In talking with a friend of mine who is a pastor and very well known in some circles and in talking about how many people are hard-core, t-shirt wearing Trump supporters in his church, he said, “I have to pastor them too.” This is not much different from another pastor I have spoken with who stated “as hard as it is, my church has to co-exist with people who don’t believe like they do, including me.”
Many of our Latino evangelical leaders are kissing the ring of their white evangelical donors, supporters, and sponsors. They stand with them because, without them, they fear they will become irrelevant, no longer having access to the platforms that give them stardom “in their minds.” They are fully engulfed in what my friend and ECC pastor, Dr. Michael Carrion calls “pulpit idolatry” and they are not ready to give that up to truly stand for what Jesus stood for or to “merely” stand for other people’s plight, even if those people are supposed to be “their people.”
But, I have hope. Evangélicas have always been more mesmerized by God’s power than man’s and although, as a people group, we are certainly complicated, the gospel message understood by these women of God has never stopped them from mobilizing people for a greater cause nor confronting leaders. My hope is in us. The us that are not simply anti-Trump as much as we are Pro-Jesus.
Essentially, I believe evangélicas (along with the younger generation) will have an electoral praxis that will respond to injustice with justice and cast a vote that screams, in my house, Jesus is Lord over all and everyone is invited to join that movement.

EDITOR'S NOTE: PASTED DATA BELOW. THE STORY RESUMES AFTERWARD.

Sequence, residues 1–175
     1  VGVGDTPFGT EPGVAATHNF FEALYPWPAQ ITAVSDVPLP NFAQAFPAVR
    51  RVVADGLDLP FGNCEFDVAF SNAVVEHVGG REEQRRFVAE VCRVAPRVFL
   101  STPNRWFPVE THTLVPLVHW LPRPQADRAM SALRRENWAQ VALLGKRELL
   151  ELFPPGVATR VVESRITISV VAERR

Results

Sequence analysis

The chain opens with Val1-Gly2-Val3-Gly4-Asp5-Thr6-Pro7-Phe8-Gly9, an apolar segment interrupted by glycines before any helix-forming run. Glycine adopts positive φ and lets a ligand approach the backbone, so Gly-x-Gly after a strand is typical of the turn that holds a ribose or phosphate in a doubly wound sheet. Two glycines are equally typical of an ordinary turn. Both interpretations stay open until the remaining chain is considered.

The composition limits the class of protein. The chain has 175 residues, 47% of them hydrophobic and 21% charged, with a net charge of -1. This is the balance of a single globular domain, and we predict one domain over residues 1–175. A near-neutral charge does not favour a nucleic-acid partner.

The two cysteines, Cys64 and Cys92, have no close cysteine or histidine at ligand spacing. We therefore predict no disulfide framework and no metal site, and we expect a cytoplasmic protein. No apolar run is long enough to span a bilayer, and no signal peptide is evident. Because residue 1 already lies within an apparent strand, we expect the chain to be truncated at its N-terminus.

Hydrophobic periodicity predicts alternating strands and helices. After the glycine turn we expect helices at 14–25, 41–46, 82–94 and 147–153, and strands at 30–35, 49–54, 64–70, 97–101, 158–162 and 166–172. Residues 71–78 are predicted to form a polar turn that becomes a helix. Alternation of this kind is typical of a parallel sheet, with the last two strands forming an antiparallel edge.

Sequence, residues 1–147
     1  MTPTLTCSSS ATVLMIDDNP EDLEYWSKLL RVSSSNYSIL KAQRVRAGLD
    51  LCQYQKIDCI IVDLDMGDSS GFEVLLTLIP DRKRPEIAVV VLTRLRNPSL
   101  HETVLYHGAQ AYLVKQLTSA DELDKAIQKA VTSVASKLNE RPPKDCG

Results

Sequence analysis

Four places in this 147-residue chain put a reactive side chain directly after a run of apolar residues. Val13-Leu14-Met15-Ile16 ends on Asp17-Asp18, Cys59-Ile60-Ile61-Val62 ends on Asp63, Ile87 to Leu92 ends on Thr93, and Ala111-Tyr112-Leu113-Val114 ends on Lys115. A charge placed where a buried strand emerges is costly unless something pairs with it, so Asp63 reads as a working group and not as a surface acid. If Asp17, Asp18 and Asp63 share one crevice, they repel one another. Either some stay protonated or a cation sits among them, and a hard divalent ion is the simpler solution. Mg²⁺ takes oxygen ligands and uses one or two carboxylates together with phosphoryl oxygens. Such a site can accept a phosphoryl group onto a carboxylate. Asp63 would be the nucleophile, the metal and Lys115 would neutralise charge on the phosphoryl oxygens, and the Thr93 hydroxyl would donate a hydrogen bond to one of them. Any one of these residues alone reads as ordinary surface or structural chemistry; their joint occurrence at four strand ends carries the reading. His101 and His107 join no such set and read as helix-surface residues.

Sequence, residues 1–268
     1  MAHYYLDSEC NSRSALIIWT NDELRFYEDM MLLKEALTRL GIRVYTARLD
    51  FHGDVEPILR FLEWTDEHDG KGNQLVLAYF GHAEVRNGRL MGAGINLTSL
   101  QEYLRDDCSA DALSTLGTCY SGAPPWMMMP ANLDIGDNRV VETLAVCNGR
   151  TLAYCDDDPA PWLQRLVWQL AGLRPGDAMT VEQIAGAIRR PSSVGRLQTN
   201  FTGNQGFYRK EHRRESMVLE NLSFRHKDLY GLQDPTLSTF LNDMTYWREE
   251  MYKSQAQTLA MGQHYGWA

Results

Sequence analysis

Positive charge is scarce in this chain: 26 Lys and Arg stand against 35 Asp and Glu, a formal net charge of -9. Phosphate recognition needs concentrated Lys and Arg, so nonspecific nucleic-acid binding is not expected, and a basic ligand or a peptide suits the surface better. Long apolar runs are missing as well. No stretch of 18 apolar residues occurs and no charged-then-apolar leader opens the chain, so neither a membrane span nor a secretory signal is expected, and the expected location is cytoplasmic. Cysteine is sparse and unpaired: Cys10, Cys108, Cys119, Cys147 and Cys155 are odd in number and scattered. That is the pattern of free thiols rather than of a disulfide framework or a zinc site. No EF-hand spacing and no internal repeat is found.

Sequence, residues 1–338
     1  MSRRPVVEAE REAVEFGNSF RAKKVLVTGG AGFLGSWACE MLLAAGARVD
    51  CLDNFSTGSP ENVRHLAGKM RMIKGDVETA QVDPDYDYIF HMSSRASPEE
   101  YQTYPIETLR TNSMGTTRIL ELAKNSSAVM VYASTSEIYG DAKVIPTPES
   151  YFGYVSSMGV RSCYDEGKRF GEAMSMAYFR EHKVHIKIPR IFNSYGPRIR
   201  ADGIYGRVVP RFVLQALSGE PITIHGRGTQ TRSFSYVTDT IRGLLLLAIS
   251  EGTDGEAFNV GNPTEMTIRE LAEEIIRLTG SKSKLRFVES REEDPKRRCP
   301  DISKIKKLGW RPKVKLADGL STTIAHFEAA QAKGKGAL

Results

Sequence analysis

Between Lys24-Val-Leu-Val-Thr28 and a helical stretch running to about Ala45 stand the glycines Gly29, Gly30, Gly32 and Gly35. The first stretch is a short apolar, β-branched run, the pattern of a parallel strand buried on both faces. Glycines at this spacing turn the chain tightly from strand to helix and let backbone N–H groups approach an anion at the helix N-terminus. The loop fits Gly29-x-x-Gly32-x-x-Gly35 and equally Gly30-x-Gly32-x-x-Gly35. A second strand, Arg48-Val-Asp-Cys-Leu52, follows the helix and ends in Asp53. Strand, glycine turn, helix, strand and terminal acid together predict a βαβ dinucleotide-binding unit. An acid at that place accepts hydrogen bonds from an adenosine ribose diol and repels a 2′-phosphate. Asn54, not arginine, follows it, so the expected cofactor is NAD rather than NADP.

Pentecostals & Charismatics for Peace & Justice is a multicultural, gender inclusive, and ecumenical organization that promotes peace, justice, and reconciliation work among Pentecostal and Charismatic Christians around the world. If you like what we do, please become a member!
 D.E. Miller & T. Yamamori, Global Pentecostalism: The new face of Christian social engagement (Berkeley, LA: University of California Press, 2007), 2.
 Sarah Allen Gershon, Adrian D Pantoja, and J Benjamin Taylor. 2016. “God in the Barrio?: The Determinants of Religiosity and Civic Engagement among Latinos in the United States.” Politics and Religion 9 (1): 84–110. Accessed February 15, 2020, doi:10.1017/S175504831600002X.
 Loida Martell-Otero, et al, Latina Evangélicas: A Theological Survey from the Margins . (Eugene, OR: Cascade Books, 2013). Kindle.